Fingerprint matching is used extensively in biometric identity verification for purposes ranging from forensic to recreational. The set of geometrical patterns, such as the ridges, whorls, and twists, enables to uniquely identify individuals (as far as we know): datasets of known fingerprints have been collected and recorded to allow quick retrieval of identity, based on a scan. Scanning modalities, such as capacitive scanner, differ greatly from a latent print, collected from a crime scene for example, in the quality and amount of information collected during a scan. For print matching, the partial, sometimes contaminated, information in a latent print needs to be compared to a large known database of prints.
Extracting features from fingerprints

Keypoints extracted from a scan, the region around each keypoint and the ridges’ orientation map. Keypoints and their descriptors are used as a basis for fingerprint matching.

Although the geometrical information gathered from a print is important for accurate verification, the algorithms for matching need to compare the scan against a databases containing sometimes millions of prints (roughly, the 10 fingers prints times the number of individuals recorded). To reduce the complexity of matching, a reduction of the database search space is needed.

The prevalent manner to achieve such a reduction is to compare keypoints of scan rather than pixel by pixel comparison. For this end, scale-invariant features are preferred, allowing to perform comparison between two images that aren’t perfectly aligned or acquired using the same technique. Using scale-invariant features a recording of a print consists in the original image and a set of salient points along with their descriptors. Example of common keypoints (minutiae) are: corners (Harris), bifurcations points, ridge endings, and loops. In addition, the orientation field of a print’s ridges can be computed and stored along with the position and descriptors of features. Matching keypoints and their descriptors should take into account their relative distribution in space, and their spatial alignment and orientation with a test print.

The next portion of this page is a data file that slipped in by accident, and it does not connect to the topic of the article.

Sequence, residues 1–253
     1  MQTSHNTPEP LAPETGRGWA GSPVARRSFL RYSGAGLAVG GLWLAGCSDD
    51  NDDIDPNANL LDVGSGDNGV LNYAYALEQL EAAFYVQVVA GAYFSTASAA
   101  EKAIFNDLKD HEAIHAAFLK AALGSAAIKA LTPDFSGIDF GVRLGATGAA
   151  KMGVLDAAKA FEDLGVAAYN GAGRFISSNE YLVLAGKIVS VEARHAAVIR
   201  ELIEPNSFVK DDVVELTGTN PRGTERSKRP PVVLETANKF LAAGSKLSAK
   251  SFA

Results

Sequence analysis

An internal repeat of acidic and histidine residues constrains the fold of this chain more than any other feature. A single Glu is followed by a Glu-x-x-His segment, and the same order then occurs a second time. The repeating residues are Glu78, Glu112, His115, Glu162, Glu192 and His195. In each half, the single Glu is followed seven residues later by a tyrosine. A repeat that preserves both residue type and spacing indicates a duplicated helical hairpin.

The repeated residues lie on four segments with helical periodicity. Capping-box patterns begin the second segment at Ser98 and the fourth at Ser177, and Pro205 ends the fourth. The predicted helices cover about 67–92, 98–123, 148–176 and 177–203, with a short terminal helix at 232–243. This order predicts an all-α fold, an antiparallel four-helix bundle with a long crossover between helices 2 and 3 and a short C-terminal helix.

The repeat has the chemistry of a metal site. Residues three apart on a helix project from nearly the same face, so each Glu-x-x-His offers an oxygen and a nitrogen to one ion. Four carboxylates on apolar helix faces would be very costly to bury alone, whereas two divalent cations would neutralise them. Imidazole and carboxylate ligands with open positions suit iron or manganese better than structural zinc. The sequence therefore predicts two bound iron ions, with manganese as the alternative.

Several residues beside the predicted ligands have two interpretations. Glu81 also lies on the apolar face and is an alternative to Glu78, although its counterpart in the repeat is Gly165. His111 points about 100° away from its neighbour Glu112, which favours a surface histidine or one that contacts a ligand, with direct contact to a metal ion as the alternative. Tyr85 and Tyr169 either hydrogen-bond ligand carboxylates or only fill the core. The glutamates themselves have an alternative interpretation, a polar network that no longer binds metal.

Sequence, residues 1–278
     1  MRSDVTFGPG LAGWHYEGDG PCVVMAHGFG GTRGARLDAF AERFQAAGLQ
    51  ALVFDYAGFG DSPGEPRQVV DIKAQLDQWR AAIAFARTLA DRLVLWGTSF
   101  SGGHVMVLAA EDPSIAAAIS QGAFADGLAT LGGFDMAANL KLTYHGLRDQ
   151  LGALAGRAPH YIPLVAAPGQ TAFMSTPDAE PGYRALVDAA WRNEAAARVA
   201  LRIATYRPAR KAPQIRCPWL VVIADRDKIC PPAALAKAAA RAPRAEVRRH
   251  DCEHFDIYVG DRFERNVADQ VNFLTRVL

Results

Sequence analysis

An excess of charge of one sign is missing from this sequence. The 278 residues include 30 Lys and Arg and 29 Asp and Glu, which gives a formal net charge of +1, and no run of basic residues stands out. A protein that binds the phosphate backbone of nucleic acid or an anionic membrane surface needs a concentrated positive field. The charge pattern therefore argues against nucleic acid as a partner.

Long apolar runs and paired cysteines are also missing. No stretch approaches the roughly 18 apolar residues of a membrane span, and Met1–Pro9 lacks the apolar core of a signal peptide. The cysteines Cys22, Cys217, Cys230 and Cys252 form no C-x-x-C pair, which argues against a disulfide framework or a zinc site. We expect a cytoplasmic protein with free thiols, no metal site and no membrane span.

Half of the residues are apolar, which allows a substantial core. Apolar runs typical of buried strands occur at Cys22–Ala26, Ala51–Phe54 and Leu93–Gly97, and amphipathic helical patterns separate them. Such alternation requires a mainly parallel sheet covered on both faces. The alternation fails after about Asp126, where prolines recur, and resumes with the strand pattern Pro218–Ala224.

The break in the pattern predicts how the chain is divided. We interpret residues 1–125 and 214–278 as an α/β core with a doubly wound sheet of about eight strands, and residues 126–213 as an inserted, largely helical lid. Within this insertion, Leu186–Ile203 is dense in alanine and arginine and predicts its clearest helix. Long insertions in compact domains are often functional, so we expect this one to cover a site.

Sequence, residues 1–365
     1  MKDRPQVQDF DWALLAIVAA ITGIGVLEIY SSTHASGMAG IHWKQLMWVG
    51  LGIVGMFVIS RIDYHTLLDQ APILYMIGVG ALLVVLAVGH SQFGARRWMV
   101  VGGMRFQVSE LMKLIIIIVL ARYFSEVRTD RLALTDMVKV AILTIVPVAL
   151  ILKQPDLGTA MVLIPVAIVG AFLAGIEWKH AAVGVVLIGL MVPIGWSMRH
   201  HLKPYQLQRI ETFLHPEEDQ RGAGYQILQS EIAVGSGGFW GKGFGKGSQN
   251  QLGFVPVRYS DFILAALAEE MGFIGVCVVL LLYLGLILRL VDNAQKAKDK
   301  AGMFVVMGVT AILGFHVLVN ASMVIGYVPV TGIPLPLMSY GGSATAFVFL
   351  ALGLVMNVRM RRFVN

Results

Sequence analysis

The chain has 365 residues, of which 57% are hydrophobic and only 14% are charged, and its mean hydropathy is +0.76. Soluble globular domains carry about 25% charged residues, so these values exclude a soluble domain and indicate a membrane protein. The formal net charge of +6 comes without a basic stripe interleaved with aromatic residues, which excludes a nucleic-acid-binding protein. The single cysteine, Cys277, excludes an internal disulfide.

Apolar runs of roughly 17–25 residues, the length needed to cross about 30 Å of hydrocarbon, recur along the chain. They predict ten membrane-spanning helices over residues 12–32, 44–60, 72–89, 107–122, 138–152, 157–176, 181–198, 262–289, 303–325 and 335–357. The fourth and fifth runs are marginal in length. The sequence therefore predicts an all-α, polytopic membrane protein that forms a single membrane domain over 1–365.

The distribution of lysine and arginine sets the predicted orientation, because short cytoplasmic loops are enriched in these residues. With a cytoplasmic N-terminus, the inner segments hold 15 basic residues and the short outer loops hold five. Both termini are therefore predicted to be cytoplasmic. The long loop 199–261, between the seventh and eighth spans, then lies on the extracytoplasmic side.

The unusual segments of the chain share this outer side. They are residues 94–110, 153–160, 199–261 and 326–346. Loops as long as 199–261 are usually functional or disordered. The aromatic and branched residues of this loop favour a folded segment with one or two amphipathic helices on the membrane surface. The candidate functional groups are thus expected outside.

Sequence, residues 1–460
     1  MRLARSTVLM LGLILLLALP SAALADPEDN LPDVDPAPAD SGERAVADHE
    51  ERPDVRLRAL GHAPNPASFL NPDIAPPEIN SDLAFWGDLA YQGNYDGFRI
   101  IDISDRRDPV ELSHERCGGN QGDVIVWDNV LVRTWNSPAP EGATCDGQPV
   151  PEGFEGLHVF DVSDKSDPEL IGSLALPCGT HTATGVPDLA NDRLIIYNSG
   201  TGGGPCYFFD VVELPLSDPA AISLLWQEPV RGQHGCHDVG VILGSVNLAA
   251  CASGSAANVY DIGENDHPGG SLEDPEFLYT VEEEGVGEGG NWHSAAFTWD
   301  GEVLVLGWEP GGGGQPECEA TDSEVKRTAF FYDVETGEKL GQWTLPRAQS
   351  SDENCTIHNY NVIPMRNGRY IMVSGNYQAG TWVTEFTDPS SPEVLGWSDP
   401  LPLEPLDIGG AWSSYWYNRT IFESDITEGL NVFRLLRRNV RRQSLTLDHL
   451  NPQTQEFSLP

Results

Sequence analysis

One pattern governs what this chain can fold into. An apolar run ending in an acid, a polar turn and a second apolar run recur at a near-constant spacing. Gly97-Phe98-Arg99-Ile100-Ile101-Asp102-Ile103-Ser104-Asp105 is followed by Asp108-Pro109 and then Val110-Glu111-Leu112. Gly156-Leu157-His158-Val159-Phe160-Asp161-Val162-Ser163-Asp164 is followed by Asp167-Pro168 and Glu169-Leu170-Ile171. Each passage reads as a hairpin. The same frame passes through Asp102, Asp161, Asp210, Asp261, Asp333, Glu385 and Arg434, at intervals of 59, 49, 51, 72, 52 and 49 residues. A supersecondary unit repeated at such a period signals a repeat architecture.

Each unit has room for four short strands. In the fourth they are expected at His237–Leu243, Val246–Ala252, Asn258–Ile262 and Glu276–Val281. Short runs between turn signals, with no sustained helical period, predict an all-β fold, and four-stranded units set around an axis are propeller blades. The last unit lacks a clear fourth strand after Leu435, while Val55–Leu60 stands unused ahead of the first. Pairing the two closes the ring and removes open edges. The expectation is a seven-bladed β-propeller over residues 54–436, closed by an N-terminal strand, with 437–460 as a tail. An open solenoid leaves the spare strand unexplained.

One advantage of the use of keypoint-descriptors matching is the ability to evaluate the match of a partial print against the database. Such partial prints are retrieved forensically in a crime scene, where dust or fluids can contaminate the print.


Beyond challenges in Fingerprint Recognition and Matching


Despite the huge advances in the development of scanners and modalities for fingerprint acquisition and analysis, there still remain challenges in retrieval and match of fingerprints, predominantly for partial prints. A tailor-made algorithmic solution is often needed to resolve such difficulties. For this end, RSIP Vision’s three decades of expertise in computer vision, image processing and machine learning are a key factor for success. We offer our clients high-end solutions for challenging problems, using cutting edge algorithmic solution, in a wide range of domains. To review RSIP Vision’s selected projects, please visit our project page.

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